Obama blasts 'vulgar and divisive rhetoric'

2016-03-15 22:22
President Barack Obama listens to Irish Prime Minister Enda Kenny speak during their meeting at the White House. (Pablo Martinez Monsivais, AP)

President Barack Obama listens to Irish Prime Minister Enda Kenny speak during their meeting at the White House. (Pablo Martinez Monsivais, AP)

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Washington - President Barack Obama said on Tuesday he was deeply disturbed by the "vulgar and divisive rhetoric" directed at women and minorities as well as the violence in the 2016 presidential campaign, a swipe at Republican front-runner Donald Trump.

Without mentioning the candidate by name, Obama used a St Patrick's Day luncheon at the Capitol to express his concern with the political discourse and the protests that have escalated to attacks at Trump rallies. Trump has spoken of barring Muslims and deporting immigrants living in the US illegally.

Obama received a standing ovation at the conclusion of his remarks assailing the tenor of the campaign and pleading for civility.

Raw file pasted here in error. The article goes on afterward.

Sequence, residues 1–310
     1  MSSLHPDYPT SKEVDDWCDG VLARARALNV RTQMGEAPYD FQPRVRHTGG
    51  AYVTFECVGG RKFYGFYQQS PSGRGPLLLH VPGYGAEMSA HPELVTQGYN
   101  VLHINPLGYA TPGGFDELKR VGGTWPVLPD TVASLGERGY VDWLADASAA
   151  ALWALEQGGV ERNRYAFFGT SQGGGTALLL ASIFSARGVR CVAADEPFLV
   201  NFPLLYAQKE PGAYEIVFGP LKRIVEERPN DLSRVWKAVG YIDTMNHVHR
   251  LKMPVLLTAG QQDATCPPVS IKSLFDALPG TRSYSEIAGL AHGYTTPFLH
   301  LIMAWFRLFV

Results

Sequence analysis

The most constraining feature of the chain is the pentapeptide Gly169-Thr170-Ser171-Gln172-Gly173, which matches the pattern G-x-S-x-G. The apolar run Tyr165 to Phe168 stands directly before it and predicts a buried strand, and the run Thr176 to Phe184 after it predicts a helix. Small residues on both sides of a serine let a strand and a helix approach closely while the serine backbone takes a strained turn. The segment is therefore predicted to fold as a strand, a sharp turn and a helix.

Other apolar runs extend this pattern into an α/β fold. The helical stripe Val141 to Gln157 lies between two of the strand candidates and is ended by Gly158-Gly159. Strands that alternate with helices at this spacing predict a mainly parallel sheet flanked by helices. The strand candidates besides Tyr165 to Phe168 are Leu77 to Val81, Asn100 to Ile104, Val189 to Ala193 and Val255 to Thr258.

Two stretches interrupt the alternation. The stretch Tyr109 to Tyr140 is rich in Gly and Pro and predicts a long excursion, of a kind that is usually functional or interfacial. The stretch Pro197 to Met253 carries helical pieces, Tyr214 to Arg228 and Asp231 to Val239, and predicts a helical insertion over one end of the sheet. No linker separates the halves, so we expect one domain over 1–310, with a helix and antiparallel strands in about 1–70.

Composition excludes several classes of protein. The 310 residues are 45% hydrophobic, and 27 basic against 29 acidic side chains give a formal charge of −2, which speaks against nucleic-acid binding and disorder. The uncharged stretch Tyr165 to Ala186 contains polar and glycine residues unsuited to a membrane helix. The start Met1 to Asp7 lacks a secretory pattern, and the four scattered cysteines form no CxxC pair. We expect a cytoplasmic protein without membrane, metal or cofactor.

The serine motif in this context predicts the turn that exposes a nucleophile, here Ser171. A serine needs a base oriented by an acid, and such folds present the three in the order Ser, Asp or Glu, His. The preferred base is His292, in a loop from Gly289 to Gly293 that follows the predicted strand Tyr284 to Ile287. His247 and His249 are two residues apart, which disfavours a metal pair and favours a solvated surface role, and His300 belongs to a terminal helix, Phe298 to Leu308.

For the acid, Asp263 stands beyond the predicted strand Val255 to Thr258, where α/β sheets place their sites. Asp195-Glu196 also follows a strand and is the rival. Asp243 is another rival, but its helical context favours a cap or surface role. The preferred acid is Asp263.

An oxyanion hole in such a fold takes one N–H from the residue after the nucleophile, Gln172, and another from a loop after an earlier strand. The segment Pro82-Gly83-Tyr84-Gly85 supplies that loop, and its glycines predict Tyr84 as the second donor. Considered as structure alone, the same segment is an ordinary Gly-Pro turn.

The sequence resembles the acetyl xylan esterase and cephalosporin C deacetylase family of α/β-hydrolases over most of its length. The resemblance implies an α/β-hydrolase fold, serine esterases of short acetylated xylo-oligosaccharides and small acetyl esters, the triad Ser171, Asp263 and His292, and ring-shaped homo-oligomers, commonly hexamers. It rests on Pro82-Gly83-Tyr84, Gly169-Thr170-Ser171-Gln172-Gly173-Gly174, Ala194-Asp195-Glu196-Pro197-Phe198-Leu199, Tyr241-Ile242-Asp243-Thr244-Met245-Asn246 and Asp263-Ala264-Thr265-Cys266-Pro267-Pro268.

"We have heard vulgar and divisive rhetoric aimed at women and minorities, and Americans that don't look like us or pray like us or vote like we do," Obama said. "We have seen misguided attempts to shut down that speech, however, offensive it may be.

"We live in a country where free speech is one of the most important rights that we hold. In response to those events we've seen actual violence, and we've heard silence from too many of our leaders," Obama said.

The president reminded the audience of Republicans and Democrats, including House Speaker Paul Ryan, that the world is watching the US candidates and what they say.

"In America there aren't laws that say we have to be nice to each other ... But there are norms, there are customs, there are values that our parents taught us and that we try to teach to our children," the president said.

Obama said that while some may bear more of the blame for the climate, everyone bears responsibility for reversing it.

Trump's political rivals and others blame him for sowing division, rather than unity, across the country. Trump says he's done no such thing and calls himself a "uniter".

"It is a cycle that is not an accurate reflection of America. It has to stop," Obama said. "And I say that not as a matter of political correctness, it's about the way that corrosive behaviour can undermine our democracy, and our society."

Read more on:    donald trump  |  us  |  us 2016 elections

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